This dwarf mountain hemlock, Tsuga mertensiana, is fenced not because the deer eat it, but to prevent the bucks from rubbing their antlers on the bark. I may risk removing the cage this year as it has grown denser and should be less appealing to bucks with itchy antlers.
The edge of the woods between our property and the junk yard next door. Several large stumps from the previous logging were dug out and piled here to help block the view of the neighbors house, but doesn't quite cover it when viewed from our house. We've been working on planting the edge of the woods to block more of the view.
Behind one of the rhododendrons that we've planted along the woods is this amazing variegated salal (Gaultheria shallon). Would you check that out? I'm going to try to propagate it. The literature says that the best cuttings are made from the current year's growth in late summer. Not for sale.
Garrya elliptica, planted on the edge of the woods, is caged until it outgrows the deer. Like the camellia, garrya seems to be winter browse for the deer.
One of the few outdoor areas safe from the deer, this fenced area was the location of our first vegetable garden after moving to this property. The soil in this spot is awful, but that doesn't matter because it is now used as a nursery area for potted plants waiting to be planted out.
They huddle close together, all trying to keep as far away from the fence as possible in fear of the deer.
Our current vegetable garden has better soil and more sunlight (or it did before we cut down the trees around the old garden site, now I'm not sure).
These raised beds are made of cinder blocks with rebar running through them. Each bed has a connection for drip irrigation.
Into the woods, which make up at least half of the property. This is one of my favorite native mosses, Climacium dendroides, or tree moss. It forms lush cushions on the forest floor.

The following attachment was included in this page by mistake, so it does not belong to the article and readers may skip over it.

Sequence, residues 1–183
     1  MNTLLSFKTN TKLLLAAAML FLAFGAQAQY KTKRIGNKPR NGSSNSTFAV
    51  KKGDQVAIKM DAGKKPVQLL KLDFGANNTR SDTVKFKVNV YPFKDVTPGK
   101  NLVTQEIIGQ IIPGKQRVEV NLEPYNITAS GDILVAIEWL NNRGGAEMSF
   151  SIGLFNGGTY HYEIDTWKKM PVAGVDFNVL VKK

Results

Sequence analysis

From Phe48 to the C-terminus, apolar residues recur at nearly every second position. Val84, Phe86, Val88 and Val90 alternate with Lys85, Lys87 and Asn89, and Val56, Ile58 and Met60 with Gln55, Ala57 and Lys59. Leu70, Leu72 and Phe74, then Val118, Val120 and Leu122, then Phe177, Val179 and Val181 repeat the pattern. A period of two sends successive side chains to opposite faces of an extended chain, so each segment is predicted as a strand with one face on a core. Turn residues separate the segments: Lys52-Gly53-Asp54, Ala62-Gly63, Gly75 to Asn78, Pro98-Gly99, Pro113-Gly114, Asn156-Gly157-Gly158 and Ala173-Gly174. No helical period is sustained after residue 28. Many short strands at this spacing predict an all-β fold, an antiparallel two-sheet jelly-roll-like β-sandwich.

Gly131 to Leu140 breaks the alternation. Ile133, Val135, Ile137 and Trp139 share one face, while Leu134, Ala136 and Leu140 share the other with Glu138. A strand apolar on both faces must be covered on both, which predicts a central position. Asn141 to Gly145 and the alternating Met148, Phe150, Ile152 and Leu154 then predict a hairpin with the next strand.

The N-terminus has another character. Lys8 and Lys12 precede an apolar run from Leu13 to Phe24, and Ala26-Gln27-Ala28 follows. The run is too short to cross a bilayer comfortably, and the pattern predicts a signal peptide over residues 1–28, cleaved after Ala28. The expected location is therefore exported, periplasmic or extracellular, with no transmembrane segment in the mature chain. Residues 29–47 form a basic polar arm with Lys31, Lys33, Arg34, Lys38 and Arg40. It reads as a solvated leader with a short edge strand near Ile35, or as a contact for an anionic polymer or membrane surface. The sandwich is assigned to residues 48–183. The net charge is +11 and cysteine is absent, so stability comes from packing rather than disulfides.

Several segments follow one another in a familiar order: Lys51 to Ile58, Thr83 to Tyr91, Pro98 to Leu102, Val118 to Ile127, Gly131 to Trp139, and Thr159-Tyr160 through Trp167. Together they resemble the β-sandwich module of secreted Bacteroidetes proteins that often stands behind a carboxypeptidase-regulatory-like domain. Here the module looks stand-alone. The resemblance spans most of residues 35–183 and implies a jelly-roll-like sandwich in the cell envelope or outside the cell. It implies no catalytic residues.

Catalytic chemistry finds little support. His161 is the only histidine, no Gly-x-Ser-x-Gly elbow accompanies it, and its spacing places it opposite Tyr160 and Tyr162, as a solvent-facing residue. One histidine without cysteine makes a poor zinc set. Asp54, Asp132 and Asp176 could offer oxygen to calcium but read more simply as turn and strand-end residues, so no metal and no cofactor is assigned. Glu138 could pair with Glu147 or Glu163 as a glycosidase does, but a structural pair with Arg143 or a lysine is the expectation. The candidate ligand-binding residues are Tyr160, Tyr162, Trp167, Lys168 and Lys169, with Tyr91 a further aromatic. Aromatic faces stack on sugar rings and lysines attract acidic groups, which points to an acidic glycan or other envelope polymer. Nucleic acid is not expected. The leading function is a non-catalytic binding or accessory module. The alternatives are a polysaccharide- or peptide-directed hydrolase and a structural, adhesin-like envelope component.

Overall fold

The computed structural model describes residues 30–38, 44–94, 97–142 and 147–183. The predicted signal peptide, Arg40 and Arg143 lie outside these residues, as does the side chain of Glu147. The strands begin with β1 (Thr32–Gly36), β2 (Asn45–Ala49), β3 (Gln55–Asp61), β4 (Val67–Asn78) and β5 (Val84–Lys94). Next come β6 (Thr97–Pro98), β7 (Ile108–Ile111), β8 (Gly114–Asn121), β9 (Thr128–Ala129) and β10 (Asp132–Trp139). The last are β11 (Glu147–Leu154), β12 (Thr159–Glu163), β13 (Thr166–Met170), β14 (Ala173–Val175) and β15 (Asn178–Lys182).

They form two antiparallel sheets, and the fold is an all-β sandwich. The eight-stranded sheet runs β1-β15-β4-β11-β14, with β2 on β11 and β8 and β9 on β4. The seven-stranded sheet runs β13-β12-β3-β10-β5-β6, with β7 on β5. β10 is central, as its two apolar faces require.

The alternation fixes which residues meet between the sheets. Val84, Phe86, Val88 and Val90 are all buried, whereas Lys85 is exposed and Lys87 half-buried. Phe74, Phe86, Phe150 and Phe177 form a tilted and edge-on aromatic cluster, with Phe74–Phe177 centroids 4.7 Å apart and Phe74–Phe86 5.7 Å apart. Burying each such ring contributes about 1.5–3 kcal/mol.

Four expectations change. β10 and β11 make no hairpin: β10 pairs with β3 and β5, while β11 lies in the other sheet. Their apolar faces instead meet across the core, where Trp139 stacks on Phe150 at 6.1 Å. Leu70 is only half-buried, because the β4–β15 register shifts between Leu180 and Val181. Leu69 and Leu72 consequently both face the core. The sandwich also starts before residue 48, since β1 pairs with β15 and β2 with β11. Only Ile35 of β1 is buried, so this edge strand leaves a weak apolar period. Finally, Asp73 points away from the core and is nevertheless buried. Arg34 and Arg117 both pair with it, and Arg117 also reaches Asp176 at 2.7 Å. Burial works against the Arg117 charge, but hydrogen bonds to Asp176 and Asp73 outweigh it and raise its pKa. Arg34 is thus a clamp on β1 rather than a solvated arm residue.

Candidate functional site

It gains its name from the tree-like shape of the individual stems.
This is what most of the woods look like. The trees are almost all Douglas firs. There is very little variety in the trees as this was most likely former Weyerhaeuser land. The western sword ferns moved in fast enough, though. They form an almost solid field of 4 foot tall fronds beneath the trees. It's fun to wade waist deep through the ferns. It's been fascinating growing up here and watching the understory develop as small trees and shrubs grow above the ferns and new species move in.
And that's where I'm gardening for the near future. It's not glamorous, or even very attractive, and it lacks even the saving grace of many geek-worthy plants, but it's mine and I'll do what I can to improve it. At least I can add cool plants! The main goal for this spring and summer is to procure cool trees and large shrubs for the cleared areas. But trees are usually sold as relatively large (and expensive plants), so I'm on the lookout for places selling smaller (and cheaper) specimens. I also plan to add screening plants along the road and plant the areas recently reworked around the house. Luckily I've finally found out about all the cool specialty nurseries in the Pacific Northwest that I didn't really know about when I moved away 2 years ago. This is going to be a fun year, but potentially dangerous for my wallet.